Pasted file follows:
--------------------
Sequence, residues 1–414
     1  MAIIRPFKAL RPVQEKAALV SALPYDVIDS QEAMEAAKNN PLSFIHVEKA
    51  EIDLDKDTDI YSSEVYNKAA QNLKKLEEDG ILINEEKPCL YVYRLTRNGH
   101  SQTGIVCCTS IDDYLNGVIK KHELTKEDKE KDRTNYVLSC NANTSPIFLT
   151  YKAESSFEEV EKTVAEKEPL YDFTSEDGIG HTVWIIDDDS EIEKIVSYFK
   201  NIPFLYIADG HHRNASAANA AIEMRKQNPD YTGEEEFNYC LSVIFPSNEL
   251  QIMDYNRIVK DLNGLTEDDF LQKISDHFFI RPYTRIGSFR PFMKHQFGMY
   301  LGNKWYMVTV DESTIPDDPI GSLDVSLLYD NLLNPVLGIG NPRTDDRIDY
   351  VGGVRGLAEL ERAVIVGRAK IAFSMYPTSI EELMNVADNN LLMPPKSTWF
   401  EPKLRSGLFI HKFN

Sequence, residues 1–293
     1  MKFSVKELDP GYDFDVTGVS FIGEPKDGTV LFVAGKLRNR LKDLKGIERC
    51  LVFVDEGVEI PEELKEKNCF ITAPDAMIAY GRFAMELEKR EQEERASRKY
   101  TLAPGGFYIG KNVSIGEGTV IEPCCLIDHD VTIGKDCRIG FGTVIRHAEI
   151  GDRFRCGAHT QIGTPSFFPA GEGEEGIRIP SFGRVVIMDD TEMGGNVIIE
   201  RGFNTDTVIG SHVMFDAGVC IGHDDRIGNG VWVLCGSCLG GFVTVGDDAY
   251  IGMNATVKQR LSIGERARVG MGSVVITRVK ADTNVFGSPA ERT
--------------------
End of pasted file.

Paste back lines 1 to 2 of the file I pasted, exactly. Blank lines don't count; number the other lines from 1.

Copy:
Sequence, residues 1–414
     1  MAIIRPFKAL RPVQEKAALV SALPYDVIDS QEAMEAAKNN PLSFIHVEKA